High Rate of Residual Ischemia After PCI Despite Excellent Angiographic Outcomes: DEFINE-PCI Trial

The use of iFR could identify other focal lesions, thereby reducing residual ischemia and potentially cutting recurrent events after PCI, say experts.

· Presenting the main results of DEFINE-PCI on March 17, 2019, at ACC. 2019 Scientific Session, investigators said that recurrent angina after PCI is quite prevalent in most PCI trials, ranging from 20% to 30% at 1 year.

· Despite successful PCI and optimal angiographic outcomes, nearly one in four patients leave the catheterization lab with some degree of residual ischemia, according to the results of DEFINE-PCI study.

· With a better assessment of coronary physiology post-PCI, however, physicians could reduce the number of significant lesions left behind after stenting and potentially trim the risk of recurrent ischemic events, say researchers.  

· “Even though we think we do a good job based on the angiogram, the angiogram isn’t totally reliable,” lead investigator Allen Jeremias, MD.

·  Investigators believe that DEFINE-PCI is unique as it shows how the instantaneous free-wave ratio (IFR) and iFR “pullback,” which is a pressure map of the entire coronary vessel, could be clinically meaningful.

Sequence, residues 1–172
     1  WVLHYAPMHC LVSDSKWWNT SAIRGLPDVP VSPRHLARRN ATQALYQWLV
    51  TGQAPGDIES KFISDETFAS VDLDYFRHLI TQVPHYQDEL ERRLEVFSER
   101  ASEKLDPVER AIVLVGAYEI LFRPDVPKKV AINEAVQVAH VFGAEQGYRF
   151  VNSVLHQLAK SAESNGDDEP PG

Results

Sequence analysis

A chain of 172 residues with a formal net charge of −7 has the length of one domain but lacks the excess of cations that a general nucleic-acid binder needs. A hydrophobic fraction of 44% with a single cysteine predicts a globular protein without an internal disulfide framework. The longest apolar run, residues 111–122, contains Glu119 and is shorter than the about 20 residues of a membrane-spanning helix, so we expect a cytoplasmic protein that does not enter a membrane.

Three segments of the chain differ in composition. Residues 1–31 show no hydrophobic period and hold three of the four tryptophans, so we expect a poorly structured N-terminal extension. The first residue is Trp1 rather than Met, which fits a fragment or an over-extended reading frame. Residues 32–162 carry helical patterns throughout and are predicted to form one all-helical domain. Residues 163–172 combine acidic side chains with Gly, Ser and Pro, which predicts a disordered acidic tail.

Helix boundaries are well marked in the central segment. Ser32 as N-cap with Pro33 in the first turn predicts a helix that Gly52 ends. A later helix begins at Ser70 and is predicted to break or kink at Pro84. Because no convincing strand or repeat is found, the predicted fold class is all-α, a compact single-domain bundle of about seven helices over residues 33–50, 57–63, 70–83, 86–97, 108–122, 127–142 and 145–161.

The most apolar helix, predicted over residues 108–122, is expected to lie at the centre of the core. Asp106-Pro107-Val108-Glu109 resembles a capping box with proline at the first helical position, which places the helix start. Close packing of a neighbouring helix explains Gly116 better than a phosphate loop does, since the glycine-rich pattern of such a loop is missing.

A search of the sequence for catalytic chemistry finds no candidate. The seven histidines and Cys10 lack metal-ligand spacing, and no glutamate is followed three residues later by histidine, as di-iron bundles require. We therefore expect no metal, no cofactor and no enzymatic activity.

· “It’s striking that the 24% residual ischemia is similar to the numbers of recurrent angina in a large number of PCI studies, including COURAGE, FAME, FAME 2, and SYNTAX.”

iFR Pullback and Residual Ischemia

· The purpose of DEFINE-PCI was to determine how often patients leave the cardiac catheterization laboratory with significant residual ischemia despite operators achieving excellent angiographic outcomes. In total, 500 stable and unstable angina patients with a baseline iFR value of less than 0.89, indicative of physiological impairment, underwent PCI.

· Mean iFR increased from 0.69 at baseline to 0.93 after the completion of PCI (average change 0.24). Of the 467 patients who had successful PCI—defined as operator-assessed residual diameter stenosis less than 50% in any treated lesion—24% had an iFR ≤ 0.89, which is hemodynamically significant.

· The good news, is that the vast majority (81.6%) of physiologically significant lesions left behind were focal stenoses rather than diffuse diseases

· Of the 93 vessels with residual focal disease, the “physiologic miss” was observed equally in segments distal and proximal to the implanted stent.

·  It was estimated that if all residual focal lesions could be treated with additional PCI, which is obviously somewhat speculative, the rate of significant ischemia would be reduced from 24% to 5%.” 

No Correlation Between Angiogram and Post-PCI Physiology

· The investigators observed no significant correlation between angiographic diameter stenosis and post-PCI physiologic measures. Nearly 30% of patients with a residual diameter stenosis ≥ 50% on angiography had an iFR ≤ 0.89. For those with a residual diameter stenosis less than 50%, more than 21% had an iFR ≤ 0.89 (P = 0.24).

Source :, , By: Michael O"Riordan

March 21, 2019

Download the study summary slides made by American College of Cardiology here : Download